Ahmaud Arbery Case: All Three Suspects In Fatal Shooting Plead Not Guilty

Lawyers for Gregory and Travis McMichael and their neighbor William Bryan also want the Black special prosecutor in the case removed.

The three accused white men in the February shooting death of Ahmaud Arbery pled not guilty of murder charges on Friday (June 17), the Atlanta Journal-Constitution has reported. 

Father and son, Gregory and Travis McMichael and their neighbor William Bryan waived formal arraignment and each of them appeared via livestream in front of a Glynn County, Ga., judge.

The McMichaels followed Arbery, 26, who was jogging through his neighborhood in Brunswick, Ga., believing he had burglarized a home construction site and confronted him. Arbery and Travis McMichael got into a scuffle in which they wrestled over McMichel’s gun, which discharged a fatal shot. Bryan had followed them recording the incident. 

RELATED: Ahmaud Arbery's Killers, Gregory And Travis McMichael, Arrested On Murder Charges

Each of the men are charged with malice and felony murder. Their lawyers maintain their innocence. They also have filed a motion demanding that Cobb County district attorney Joyette Holmes, who is a Black woman, be removed from the case, arguing her appointment was illegal.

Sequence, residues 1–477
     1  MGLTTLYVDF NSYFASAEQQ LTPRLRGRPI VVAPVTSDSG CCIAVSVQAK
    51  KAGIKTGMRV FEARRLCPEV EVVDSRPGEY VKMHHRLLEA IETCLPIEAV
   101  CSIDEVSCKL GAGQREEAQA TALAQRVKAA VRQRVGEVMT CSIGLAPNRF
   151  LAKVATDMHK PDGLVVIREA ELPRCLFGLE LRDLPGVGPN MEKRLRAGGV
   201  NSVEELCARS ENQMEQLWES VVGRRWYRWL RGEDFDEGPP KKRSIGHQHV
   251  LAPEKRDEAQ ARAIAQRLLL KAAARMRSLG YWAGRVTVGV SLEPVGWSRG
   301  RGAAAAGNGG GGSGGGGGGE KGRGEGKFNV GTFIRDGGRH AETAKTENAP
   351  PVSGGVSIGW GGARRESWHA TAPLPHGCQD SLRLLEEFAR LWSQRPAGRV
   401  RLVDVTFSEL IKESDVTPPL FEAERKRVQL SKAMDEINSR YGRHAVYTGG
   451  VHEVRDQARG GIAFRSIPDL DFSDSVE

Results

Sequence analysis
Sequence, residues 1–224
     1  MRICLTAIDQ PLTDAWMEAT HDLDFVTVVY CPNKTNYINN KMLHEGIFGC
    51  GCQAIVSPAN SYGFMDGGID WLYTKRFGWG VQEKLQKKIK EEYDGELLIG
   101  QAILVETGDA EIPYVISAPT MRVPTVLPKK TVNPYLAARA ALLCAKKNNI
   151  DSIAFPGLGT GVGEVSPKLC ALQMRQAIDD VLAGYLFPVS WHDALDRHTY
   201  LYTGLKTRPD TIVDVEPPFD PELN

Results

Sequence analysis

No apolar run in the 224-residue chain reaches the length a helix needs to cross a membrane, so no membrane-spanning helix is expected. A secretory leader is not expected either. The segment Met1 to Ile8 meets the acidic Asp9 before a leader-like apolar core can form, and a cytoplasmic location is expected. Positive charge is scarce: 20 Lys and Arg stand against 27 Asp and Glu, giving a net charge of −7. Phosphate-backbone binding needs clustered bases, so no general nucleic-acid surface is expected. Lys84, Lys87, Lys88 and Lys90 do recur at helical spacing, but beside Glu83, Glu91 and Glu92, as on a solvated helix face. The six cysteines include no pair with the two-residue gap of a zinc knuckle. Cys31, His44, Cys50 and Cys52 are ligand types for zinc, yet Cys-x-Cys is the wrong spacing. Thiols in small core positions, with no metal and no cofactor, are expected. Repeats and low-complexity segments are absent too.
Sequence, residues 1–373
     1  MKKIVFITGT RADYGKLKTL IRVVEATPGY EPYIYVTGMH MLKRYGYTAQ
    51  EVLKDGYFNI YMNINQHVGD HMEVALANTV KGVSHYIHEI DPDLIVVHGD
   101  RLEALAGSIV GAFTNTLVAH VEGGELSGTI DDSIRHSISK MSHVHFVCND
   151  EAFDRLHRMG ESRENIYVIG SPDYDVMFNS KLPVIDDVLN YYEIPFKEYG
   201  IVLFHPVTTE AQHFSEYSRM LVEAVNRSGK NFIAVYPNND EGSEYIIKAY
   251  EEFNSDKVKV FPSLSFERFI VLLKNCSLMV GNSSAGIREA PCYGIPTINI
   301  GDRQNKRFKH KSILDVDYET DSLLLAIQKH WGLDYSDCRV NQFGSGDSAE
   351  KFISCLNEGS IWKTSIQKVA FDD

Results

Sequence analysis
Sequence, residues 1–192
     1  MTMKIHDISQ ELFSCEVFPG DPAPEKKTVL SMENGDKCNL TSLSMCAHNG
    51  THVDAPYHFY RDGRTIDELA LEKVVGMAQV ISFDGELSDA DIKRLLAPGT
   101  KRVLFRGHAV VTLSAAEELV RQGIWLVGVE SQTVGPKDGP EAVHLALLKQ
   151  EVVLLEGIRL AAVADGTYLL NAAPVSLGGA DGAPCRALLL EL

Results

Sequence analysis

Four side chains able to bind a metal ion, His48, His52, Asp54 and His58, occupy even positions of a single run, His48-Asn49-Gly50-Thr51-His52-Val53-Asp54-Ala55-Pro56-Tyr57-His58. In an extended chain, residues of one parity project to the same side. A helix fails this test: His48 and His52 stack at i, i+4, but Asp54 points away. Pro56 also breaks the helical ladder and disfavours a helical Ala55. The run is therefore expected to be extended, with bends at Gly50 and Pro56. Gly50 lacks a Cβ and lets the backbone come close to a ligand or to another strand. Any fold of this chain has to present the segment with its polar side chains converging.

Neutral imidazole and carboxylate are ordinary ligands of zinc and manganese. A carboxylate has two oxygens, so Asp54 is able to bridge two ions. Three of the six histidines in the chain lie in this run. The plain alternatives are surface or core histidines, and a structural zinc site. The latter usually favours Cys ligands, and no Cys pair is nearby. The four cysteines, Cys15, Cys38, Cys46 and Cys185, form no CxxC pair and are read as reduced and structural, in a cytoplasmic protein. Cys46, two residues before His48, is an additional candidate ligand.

The case has cycled through three different prosecutors, beginning with Glynn County prosecutor Jackie Johnson who recused herself due to conflicts of interest, as did Ware County prosecutor George Barnhill. The case also landed on the desk of Tom Durden, Liberty County D.A., who recommended that the case go to a grand jury. Holmes, a Republican, was placed on the case May 11.

At a preliminary hearing in Glynn County for the three, Brunswick, Georgia men accused of killing Ahmaud Arbery, a law enforcement investigator testified that one of them stood over his body after shooting him and said, “f**king n**ger.”

RELATED: Grand Jury Indicts Three Men Accused Of Murdering Ahmaud Arbery

"I believe Mr. Arbery was being pursued, and he ran till he couldn't run anymore, and it was turn his back to a man with a shotgun or fight with his bare hands against the man with the shotgun," said Georgia Bureau of Investigations special agent-in-charge Richard Dial. He chose to fight." he said. "I believe Mr. Arbery's decision was to just try to get away."

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